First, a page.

The Jets and Patriots are basically a stand-alone Week 7 game — only the Raiders and Jaguars will be playing at the same time unless an early game gets pushed back. Fox is on baseball for the late afternoon. Get your popcorn ready. This is the Hatfield and McCoys of the NFL.

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Tags: , AFC North, , , , , , , Houston Texans The AFC North, , Pro Football Focus, , Shonn Greene,
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Sunday Fantasy Chat: 9:30 pm ET

14 Oct
by in General

There's a lot to digest as we wind down a blistering Week 6. Comebacks and brickbats, surging New York teams, the logjam in the AFC East, the silence of the Niners. Worried about Darren McFadden or the Ravens defense? Excited about the Bucs or the Seahawks or the upstart Browns? Did Dez Bryant make your day or break your heart? Are you ready to name your next child after Bob Griffin? I'm here to help you sort it all out.

The chittering and chattering starts at 9:30 pm ET. Bring a good attitude, a room-relevant question and the drink of your choosing; I'll provide answers, clarity, inane polls and random comments. The Texans and Packers will provide the backdrop (with a baseball check-in now and then). When it's all over, we'll test everyone for concussion symptoms and then call it a night.

You have about an hour to get in character. See you soon. The chat applet is yours after the jump.

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Turn Off Your Hartline: Miami wideout takes bagel against the Rams

14 Oct
by in General

Although the Dolphins escaped with a 17-14 victory over the Rams on Sunday, it was far from an artistic success. Miami won the ballgame despite a puny 12 first downs, and the Rams found a way to lose despite a 462-192 edge in total yards. St. Louis collected 6.7 yards per play, the Dolphins just 3.9.

And Brian Hartline, you ask? He didn't have much to do with Miami's victory, either. Winning smile, no stats.

Two weeks ago, it was Turn On Your Hartline as the Dolphins wideout went ballistic in Arizona (12 catches, 253 yards). Sunday, it was Turn Off Your Hartline. Miami's No. 1 wideout went without a catch and without an official target for the afternoon. Oh, there was one pass aimed his way — it turned into a pass interference call — but otherwise there's no trace of Hartline in this game.

I don't want to say too much about Hartline's no-show until I review the game tape. Ryan Tannenhill handled Hartline's absence just fine, going 21-for-29 for 185 yards and two scores. Unheralded Marlon Moore and Anthony Fasano collected the touchdowns, and Reggie Bush (5-44) and Davone Bess (6-42) had passable days in PPR formats. It wasn't the 1980 Chargers, but it was good enough.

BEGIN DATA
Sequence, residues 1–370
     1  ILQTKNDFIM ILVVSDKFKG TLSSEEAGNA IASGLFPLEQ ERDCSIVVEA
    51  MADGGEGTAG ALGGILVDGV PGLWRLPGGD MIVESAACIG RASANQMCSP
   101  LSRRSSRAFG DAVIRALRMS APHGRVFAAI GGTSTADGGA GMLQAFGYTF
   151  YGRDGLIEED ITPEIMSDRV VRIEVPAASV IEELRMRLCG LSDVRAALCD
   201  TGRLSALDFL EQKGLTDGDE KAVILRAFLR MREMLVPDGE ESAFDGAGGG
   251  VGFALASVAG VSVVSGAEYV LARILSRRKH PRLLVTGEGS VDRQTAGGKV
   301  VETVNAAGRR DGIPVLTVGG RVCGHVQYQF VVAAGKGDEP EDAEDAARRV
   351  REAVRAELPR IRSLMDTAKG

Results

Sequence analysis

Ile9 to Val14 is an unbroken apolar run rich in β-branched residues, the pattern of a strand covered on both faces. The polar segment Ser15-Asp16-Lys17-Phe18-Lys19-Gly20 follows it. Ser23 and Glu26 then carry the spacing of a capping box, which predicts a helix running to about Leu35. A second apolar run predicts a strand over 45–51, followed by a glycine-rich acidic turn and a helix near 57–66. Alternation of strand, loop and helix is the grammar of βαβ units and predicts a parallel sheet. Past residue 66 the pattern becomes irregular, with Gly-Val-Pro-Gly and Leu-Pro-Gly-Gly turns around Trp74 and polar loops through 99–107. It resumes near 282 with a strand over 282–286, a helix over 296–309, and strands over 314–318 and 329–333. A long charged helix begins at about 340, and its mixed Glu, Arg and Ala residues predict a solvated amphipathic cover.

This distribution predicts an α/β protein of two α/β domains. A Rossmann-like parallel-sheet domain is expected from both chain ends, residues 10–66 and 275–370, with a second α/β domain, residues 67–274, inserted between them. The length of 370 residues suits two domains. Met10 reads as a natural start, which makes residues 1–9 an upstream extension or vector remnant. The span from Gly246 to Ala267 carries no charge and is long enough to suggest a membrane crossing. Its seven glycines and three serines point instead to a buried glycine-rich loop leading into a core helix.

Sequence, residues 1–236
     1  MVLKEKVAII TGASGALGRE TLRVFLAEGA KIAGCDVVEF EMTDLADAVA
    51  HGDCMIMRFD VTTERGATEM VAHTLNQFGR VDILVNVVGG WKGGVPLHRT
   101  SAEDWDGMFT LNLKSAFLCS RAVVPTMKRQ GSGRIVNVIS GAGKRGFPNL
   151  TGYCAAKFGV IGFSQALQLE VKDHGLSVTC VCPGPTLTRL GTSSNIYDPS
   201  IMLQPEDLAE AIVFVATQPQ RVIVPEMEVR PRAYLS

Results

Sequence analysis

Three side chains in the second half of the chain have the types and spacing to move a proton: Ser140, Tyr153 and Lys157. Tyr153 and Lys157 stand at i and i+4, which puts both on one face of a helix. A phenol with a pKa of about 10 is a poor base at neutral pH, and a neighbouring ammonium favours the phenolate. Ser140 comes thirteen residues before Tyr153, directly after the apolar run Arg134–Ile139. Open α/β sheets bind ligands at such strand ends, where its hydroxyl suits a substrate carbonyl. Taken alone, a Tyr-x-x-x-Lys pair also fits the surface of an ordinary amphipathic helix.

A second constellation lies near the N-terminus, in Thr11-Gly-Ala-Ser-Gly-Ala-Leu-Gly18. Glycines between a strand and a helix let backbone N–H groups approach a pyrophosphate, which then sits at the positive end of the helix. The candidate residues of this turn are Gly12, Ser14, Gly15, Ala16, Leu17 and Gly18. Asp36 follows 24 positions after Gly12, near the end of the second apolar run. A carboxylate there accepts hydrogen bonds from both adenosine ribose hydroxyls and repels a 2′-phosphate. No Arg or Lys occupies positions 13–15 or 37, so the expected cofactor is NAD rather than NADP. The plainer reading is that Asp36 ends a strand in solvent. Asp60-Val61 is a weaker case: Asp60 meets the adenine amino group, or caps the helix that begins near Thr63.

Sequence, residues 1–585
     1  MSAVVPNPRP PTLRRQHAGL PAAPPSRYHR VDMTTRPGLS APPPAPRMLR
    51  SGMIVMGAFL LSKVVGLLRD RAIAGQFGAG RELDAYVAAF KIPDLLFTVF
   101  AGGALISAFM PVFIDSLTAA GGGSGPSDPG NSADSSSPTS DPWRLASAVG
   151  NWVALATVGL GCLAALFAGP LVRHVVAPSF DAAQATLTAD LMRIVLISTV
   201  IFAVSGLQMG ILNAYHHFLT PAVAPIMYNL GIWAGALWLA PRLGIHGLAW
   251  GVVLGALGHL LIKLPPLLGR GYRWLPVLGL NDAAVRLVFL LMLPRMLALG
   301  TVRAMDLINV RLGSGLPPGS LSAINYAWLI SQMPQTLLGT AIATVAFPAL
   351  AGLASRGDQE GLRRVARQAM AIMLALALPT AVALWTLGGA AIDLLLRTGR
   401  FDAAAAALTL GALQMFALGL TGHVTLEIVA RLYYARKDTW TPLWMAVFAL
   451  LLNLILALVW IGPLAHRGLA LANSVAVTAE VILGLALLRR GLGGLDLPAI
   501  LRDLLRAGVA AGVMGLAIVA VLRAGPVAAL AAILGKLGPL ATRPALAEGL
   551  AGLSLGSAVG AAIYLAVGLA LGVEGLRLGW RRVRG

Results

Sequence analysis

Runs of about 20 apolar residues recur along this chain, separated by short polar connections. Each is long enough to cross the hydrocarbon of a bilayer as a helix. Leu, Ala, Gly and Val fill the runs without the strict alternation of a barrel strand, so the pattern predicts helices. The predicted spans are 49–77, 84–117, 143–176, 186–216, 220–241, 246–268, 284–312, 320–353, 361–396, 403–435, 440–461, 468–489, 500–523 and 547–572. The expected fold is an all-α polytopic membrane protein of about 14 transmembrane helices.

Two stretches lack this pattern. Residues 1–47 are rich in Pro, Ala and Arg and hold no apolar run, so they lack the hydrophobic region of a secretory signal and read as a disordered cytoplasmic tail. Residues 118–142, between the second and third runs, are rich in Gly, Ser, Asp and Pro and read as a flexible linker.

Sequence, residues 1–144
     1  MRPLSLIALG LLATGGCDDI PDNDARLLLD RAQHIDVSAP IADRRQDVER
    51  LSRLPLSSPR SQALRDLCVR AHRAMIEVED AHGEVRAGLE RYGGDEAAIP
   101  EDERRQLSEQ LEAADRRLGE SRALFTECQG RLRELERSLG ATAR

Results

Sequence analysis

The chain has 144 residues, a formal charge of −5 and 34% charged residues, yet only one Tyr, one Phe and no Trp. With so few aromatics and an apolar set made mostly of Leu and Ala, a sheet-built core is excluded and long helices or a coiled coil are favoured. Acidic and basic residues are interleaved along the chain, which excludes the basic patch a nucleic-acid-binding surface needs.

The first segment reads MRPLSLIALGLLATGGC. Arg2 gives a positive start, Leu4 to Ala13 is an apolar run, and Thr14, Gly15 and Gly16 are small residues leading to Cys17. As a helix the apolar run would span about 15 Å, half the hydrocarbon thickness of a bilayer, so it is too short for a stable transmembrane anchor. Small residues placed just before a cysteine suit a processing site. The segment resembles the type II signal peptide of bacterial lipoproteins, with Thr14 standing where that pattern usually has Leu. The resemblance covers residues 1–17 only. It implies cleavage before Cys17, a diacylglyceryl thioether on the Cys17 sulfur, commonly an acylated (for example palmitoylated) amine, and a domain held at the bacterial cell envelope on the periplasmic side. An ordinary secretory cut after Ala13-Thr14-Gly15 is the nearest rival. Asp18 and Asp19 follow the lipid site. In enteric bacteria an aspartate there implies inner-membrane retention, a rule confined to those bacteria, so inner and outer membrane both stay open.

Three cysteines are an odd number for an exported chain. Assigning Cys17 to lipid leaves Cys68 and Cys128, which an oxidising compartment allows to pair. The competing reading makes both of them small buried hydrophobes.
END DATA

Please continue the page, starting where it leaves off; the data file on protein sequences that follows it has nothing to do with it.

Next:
The Rams aren't an easy bunch to beat on the outside, with cornerbacks Cortland Finnegan and Janoris Jenkins playing well. I'm eager to see how much those guys had a hand in the Hartline bagel. But name-brand cornerbacks generally aren't enough to steer fantasy owners away from a sound option. A.J. Green carved up Joe Haden and friends in Cleveland on Sunday, posting pinball stats (seven grabs, 135 yards, two scores). Reggie Wayne scraped together a 5-87 day in the Meadowlands. The Patriots went for 395 passing yards against Seattle's well-regarded secondary, with Wes Welker (10-138-1) leading the way.

We also have to accept that every quality receiver will have a few stinkers. Larry Fitzgerald was held to four yards at New England in Week 2. Calvin Johnson still hasn't caught a touchdown pass from Matthew Stafford. Julio Jones has been inconsistent all year. The list goes on and on.

Hartline isn't in the same class as those guys I just mentioned, but he's still a reasonable WR3 or WR4 in most pools going forward. It's okay to be frustrated by what just happened, but let's see the forest for the trees. He can't help you in Week 7 (bye) and the Jets will be a challenge in Week 8, but he looks good against the Colts, Titans and Bills after that.

Wide receiver is the variance position of Fantasy Football. Nat Moore said there'd be days like this. Share your bagel talk in the comments. We'll get through this together.

Tags: Anthony Fasano, , , , Hartline, , , Ryan Tannenhill, , , , , wideout
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Throwing Darts: Can the desperate Packers spring an upset?

14 Oct
by in General

The public's out there throwing darts at a board, sport. I don't throw darts at a board.

Wait a minute, yes I do.

Packers +3.5 at Texans: How good is Houston, really? Arian Foster is currently a 4.0 YPC back, and the much-ballyhooed offensive line (still ranked No. 1 on some subjective lists) doesn't look good on the spreadsheet; Pro Football Focus has the Texans 18th in run blocking this year and 15th in pass blocking. Houston comes into this game on short rest and without Brian Cushing, and the Packers are the more desperate team (an angle Bill Parcells would often bring up).